Double trouble for plants
10 August 2006
Depletion of the ozone layer and a toxic heavy metal are combining to cause irreparable damage to plants.
The research is reported in the latest edition of the Royal Society of Chemistry Journal Photochemical and Photobiological Sciences.
Dr Javier Martinez-Abaigar and a team from the Universidad de la Roca, Spain, have shown that a plant's ability to repair DNA damage caused by the sun's UV-B radiation is impaired by the metal cadmium.
Repair of such DNA damage is essential for plants to survive.
The researchers investigated the response of the aquatic plant liverwort to the individual and combined effects of cadmium and UV-B radiation.
While Cadmium alone had only a modest effect on DNA -and UV-B caused some damage by itself - the highest levels of damage were caused by the two combined.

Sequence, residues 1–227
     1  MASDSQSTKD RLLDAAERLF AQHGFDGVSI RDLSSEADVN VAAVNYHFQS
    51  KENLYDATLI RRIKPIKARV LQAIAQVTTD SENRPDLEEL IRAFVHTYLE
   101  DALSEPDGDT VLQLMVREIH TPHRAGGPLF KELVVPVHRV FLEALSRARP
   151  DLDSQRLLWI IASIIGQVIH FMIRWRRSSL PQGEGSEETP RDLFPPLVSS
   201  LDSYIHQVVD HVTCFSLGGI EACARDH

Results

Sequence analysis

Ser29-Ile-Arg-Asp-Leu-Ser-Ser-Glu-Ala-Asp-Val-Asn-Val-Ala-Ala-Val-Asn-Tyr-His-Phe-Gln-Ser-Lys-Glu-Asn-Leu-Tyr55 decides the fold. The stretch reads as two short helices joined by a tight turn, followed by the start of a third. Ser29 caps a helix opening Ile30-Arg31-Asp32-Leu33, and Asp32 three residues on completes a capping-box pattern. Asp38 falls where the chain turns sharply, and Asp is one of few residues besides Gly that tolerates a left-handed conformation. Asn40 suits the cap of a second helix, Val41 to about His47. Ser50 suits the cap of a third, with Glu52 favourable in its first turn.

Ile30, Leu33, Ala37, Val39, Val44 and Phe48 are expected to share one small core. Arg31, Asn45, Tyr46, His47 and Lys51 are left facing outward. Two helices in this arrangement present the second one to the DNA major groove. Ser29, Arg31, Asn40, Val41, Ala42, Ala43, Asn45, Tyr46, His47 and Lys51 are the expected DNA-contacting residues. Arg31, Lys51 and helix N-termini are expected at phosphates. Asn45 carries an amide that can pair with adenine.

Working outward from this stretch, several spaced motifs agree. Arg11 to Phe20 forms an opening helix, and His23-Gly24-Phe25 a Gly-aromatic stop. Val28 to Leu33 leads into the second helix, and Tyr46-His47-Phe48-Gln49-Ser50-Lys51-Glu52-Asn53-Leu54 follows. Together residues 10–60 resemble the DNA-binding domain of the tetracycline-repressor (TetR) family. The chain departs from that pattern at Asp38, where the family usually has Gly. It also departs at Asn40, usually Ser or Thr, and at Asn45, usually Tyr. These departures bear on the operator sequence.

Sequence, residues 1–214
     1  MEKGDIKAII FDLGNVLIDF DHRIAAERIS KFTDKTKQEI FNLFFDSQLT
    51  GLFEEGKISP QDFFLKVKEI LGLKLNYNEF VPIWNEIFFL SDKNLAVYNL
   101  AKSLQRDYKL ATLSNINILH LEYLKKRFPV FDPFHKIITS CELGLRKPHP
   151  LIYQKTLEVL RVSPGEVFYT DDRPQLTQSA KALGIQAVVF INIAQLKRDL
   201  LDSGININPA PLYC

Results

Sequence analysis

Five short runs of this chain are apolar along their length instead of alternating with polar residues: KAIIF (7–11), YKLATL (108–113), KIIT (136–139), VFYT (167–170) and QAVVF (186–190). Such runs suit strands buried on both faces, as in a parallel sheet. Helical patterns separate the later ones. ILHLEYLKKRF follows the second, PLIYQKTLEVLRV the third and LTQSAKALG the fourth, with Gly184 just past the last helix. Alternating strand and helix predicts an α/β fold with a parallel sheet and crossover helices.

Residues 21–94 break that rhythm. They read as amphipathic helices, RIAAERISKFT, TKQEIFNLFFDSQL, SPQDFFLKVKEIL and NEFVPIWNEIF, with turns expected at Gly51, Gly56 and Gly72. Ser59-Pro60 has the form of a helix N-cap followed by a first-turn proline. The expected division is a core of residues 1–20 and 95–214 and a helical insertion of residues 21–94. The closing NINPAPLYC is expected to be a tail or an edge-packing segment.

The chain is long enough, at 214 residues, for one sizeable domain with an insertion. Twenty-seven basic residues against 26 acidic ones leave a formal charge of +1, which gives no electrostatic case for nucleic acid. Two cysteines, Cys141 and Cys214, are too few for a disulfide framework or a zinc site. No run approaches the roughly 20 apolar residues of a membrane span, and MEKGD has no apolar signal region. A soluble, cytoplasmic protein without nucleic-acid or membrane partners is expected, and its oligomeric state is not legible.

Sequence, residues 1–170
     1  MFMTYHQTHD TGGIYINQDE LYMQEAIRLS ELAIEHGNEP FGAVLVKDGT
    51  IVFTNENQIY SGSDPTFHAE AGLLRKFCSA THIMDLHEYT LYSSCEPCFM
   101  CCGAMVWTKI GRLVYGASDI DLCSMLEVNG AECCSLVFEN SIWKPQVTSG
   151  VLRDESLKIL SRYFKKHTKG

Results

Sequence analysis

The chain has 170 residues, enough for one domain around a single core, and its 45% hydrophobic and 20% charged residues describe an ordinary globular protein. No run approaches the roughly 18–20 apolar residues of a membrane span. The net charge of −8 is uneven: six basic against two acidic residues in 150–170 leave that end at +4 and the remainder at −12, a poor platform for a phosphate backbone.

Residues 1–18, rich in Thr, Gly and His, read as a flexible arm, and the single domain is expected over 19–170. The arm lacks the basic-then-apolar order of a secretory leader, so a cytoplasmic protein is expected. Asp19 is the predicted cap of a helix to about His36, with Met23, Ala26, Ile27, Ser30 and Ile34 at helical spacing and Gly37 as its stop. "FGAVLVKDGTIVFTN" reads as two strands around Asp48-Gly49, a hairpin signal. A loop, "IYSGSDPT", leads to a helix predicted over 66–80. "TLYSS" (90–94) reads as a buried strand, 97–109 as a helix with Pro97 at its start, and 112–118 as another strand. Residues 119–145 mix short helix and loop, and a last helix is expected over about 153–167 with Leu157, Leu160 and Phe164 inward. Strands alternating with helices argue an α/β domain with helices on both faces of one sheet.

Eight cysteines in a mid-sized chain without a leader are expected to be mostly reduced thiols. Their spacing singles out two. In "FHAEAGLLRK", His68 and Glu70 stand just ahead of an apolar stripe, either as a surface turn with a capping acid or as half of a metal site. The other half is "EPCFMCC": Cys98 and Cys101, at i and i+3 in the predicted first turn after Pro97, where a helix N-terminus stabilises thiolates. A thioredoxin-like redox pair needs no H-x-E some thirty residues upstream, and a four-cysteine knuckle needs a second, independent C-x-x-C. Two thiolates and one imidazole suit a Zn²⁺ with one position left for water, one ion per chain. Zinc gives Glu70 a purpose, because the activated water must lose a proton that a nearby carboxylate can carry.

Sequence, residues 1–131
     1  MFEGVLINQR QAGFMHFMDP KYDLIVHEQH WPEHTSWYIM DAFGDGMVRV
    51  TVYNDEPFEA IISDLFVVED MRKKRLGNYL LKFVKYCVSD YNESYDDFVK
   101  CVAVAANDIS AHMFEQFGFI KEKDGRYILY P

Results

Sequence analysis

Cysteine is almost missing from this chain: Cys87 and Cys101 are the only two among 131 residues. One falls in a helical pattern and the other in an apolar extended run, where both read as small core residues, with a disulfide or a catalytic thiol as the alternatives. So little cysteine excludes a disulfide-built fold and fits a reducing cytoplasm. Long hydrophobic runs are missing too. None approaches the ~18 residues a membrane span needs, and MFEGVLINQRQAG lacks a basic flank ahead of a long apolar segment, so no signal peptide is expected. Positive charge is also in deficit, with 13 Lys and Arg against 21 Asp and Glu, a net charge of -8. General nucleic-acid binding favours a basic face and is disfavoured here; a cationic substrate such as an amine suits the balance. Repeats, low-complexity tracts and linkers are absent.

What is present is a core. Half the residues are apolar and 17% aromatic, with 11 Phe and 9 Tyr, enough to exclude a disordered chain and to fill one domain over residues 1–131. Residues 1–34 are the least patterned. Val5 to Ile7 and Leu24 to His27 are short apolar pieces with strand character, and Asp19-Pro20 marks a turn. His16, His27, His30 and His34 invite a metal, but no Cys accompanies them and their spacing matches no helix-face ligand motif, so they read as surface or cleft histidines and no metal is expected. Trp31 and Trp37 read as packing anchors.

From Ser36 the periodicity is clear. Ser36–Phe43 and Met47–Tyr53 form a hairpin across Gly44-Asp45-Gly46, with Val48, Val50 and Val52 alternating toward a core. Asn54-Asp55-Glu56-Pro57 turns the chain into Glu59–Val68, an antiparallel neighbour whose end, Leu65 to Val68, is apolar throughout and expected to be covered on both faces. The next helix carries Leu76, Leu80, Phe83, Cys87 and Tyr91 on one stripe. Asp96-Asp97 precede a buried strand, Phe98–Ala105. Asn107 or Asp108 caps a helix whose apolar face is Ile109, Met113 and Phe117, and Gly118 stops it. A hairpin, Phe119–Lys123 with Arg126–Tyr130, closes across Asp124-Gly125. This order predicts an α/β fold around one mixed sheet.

Cadmium - most well known for its use in batteries - is released into the environment through waste incineration, power stations, vehicle exhausts and leaching from fertilisers. It is also released through natural weathering of minerals.
Plants take up Cadmium from the soil as they draw in water as part of their natural growth and maintenance cycle. The metal then accumulates in the plant's tissues.
In the last quarter of a century, the ozone layer has been significantly depleted, exposing plants (and other life) to more UV-B radiation.
Dr Martinez-Abaigar said: "Such studies will become increasingly important with the ozone layer at risk of further depletion in the future."
with thanks to Elinor Richards for the original article.
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